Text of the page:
CHATHAM CO., GA (WTOC) - Many of you feel like this battle between the City of Savannah and Chatham County governments will never end. Many other cities and counties in Georgia have been in this very same position and their solution - a merger that would end all mergers - by consolidating city and county government.
WTOC has been investigating what it would take to become Savannah-Chatham County. This is the one merger that both the city and county have said publicly they agree upon.
WTOC first broke this story last week that state lawmakers will push for state funding during the 2018 legislative session to conduct a study on whether merging the city and county government would be feasible.
The feasibility study will look at several options including merging only the city of Savannah and Chatham County, as well as all municipalities and Chatham County.
If the study reveals there are feasible options to consolidate, then it would be up to the voters to decide.
WTOC conducted a poll last week on Facebook, asking Chatham County residents whether they would support a total consolidation. Of the 431 people who participated, 57 percent were in favor of some form of total consolidation.
Only 44 percent voted to keep all the governments as is.
Georgia lawmakers are very aware of the ongoing dispute between the City of Savannah and Chatham County. GA Senator Lester Jackson said last week he's fed up and disappointed that the city's crime problem is having to compete for undivided attention.
Right now, there is a total of eight consolidated governments in Georgia.
The University of Georgia's Carl Vinson Institute of Government is already slated to conduct a feasibility study. Lawmakers just have to get the money approved during the upcoming legislative session.
We got a hold of some research documents from the Carl Vinson Institute detailing how some of Georgia's largest governments were able to consolidate.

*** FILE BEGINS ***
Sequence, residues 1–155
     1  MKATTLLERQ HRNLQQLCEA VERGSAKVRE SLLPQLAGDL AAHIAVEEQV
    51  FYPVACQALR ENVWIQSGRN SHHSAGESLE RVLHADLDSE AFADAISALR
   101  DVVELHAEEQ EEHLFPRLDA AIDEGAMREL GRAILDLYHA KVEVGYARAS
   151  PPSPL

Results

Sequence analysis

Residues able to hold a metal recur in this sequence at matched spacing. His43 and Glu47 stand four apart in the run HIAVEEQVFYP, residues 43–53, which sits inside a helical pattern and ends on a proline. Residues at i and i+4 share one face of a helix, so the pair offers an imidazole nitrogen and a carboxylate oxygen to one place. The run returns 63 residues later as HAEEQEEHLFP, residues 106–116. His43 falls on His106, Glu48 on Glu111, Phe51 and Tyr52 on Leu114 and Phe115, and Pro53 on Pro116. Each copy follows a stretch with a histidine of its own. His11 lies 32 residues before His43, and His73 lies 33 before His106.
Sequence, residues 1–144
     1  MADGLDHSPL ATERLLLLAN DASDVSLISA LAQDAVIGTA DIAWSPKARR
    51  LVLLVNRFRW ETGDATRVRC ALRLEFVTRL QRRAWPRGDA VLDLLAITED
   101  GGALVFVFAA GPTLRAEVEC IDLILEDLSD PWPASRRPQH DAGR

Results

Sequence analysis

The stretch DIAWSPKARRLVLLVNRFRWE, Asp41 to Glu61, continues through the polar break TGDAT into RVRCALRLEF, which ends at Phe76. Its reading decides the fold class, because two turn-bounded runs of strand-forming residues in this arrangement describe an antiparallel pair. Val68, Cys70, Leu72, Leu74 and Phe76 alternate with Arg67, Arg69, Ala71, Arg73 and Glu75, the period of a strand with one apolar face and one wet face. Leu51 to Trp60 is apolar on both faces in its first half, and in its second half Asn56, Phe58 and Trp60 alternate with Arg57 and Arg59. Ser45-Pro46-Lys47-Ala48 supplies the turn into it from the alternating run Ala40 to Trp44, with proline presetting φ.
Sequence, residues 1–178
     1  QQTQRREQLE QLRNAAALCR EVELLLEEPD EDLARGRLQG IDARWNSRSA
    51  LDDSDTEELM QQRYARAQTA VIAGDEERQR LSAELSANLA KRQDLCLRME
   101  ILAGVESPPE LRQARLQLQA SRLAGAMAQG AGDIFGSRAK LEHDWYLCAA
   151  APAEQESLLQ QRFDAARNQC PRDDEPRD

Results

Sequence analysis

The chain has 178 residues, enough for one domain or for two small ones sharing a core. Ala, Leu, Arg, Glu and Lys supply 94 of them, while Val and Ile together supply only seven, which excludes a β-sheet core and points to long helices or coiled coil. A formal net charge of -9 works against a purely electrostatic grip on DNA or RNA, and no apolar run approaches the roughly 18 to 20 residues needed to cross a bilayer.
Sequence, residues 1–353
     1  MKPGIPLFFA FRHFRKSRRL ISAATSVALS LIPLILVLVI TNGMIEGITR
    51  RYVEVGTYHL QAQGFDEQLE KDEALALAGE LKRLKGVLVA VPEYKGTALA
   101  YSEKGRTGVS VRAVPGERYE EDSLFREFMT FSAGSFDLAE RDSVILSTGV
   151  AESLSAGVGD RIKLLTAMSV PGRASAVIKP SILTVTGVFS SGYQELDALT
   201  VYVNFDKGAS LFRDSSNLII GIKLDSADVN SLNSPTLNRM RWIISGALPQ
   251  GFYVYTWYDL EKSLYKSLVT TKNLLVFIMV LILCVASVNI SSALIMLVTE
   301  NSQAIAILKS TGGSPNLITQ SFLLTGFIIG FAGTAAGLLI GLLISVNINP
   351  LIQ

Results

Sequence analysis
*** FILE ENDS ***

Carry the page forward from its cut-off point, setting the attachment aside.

The Carl Vinson Institute has also produced a video about local government consolidation:
The first city and county in Georgia to consolidate was the city of Columbus and Muscogee County back in 1970. The process took almost two decades but according to a report released by UGA's Carl Vinson Institute, "county taxpayers complained of being taxed for services primarily used by city residents.... city and county commissions often disagreed over both major and minor issues."
But consolidating eliminated intergovernmental competition, increased efficiency and economic development.
Athens- Clarke County completely consolidated in 1990. Until then, the city and county shared some services which ultimately led to arguments over who paid for what.
In 1995, Augusta-Richmond County was formed. There were a couple of cities within the county that did not want to be a part of the consolidated government and thus still operates as a separate city within the boundaries of the consolidated government.
While they don't always see eye-to-eye, both the city and county agree that consolidation would be the merger that would end all mergers.
"I think it's something that is perhaps long overdue," said Chatham County Chairman Al Scott.
"It would behoove all of us to sit down and figure out what would be good for a consolidated government," said Savannah Mayor Eddie DeLoach.